Photo: Getty Images

On April 5, the Western media also followed the address of the President of Ukraine Volodymyr Zelensky to the UN Security Council.

They expected that the President of Ukraine would demand an investigation into war crimes in a video address to the Security Council, wrote The Washington Post.

This is Zelensky's first speech since the Russian invasion of Ukraine on February 24, 2022, according to the BBC.

Zelensky said that on April 4 he returned from the city of Bucha, liberated from the Russian occupiers, and described in detail the crimes they committed against civilians in the Kyiv region. He talked about shootings, torture, rape, how people were shot in the eye, cut off limbs and tongues, stabbed with tanks and tried to burn bodies.

Zelensky said that Russia with its crimes is 'pursuing its policy of destroying ethnic and religious diversity', adding that Russia aimed to kill as many Ukrainians as possible, leaving only ruins and mass graves.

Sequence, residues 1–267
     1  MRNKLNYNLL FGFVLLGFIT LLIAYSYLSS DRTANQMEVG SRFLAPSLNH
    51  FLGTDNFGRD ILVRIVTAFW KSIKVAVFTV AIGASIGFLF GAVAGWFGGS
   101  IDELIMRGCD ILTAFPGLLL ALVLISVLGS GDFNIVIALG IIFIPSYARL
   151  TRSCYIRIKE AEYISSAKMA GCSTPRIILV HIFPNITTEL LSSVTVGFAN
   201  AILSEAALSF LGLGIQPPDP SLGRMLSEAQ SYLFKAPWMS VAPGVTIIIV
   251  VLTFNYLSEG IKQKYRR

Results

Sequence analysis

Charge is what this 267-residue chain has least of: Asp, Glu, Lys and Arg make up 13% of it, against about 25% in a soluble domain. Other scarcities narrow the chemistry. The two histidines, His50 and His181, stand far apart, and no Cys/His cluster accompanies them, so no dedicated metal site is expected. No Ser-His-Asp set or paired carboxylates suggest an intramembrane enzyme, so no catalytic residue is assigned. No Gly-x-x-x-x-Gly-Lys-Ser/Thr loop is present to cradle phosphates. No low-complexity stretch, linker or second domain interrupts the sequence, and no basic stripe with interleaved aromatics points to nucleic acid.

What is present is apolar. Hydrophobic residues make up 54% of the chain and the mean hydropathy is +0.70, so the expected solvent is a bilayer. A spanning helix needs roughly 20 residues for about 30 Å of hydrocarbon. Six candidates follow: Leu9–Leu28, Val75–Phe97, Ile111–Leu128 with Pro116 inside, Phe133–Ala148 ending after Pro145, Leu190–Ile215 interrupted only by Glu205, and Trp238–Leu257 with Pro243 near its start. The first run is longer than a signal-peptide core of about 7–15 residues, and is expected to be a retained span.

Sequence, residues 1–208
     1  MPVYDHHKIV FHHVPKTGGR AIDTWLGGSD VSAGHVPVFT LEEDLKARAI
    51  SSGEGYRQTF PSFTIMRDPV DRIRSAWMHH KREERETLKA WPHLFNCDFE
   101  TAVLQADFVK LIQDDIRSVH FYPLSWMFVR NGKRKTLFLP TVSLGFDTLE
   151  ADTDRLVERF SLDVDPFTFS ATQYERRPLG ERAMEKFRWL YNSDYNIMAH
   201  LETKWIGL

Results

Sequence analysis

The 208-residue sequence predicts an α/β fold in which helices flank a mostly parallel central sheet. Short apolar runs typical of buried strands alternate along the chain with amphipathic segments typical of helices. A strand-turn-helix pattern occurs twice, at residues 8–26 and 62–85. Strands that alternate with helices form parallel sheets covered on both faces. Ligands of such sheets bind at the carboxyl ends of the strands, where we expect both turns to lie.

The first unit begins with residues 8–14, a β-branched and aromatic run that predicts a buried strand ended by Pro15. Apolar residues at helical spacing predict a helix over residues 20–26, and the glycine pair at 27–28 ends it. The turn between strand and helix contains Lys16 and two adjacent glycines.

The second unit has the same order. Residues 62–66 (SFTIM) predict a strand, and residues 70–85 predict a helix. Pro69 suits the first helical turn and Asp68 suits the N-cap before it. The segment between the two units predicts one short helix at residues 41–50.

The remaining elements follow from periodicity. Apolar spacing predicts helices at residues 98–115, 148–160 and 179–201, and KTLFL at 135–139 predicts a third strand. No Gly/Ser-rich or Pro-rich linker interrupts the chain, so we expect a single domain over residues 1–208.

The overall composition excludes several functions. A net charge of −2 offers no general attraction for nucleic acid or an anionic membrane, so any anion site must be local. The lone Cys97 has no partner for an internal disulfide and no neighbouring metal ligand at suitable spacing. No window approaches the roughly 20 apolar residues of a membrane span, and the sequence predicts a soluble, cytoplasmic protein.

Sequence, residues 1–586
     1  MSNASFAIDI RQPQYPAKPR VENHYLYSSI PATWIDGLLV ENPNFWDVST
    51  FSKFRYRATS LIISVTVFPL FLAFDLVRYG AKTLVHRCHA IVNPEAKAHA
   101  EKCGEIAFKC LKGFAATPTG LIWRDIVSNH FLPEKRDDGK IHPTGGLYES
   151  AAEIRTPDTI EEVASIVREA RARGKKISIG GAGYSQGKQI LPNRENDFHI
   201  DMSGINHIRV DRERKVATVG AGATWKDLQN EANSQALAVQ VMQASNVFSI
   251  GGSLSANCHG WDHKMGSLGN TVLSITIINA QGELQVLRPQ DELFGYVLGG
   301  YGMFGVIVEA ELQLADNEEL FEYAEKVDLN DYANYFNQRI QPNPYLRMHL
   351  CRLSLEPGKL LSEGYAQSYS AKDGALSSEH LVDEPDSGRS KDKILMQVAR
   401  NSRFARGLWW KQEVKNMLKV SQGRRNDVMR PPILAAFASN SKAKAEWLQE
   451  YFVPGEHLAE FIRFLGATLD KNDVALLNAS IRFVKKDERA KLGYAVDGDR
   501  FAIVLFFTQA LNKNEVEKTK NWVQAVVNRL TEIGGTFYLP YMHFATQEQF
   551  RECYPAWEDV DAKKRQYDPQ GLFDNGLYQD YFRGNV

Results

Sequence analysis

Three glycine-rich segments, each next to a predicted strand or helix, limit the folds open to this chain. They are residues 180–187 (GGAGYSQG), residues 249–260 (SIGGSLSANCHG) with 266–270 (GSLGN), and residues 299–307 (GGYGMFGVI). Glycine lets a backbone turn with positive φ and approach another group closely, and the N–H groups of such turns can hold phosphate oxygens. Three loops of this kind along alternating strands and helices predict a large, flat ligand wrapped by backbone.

He also sharply criticized the UN Security Council's inability to secure peace by forcing the aggressor.

Quote'The most terrible war crimes we've seen since the end of World War II are being committed', Zelenskyy told.

Russia is undermining the whole structure of global security. According to Zelensky, if this continues, each state will be able to count only on the strength of weapons. And then the UN can simply be closed, the Ukrainian leader stressed.

Quote'We need to act immediately. The UN system needs to be reformed so the veto isn’t the right to die. If tyranny had ever received such a response to a war that would have ceased to exist, I think the world would have changed for sure. Maybe there would be no war in my country then', he said, recalling that the world was silently watching Russia's invasion of Crimea, Georgia, Moldova and more.

He called for an analogue of the Nuremberg Trials and suggested convening a global conference in peaceful Kyiv to discuss how the world would continue to guarantee the integrity of states.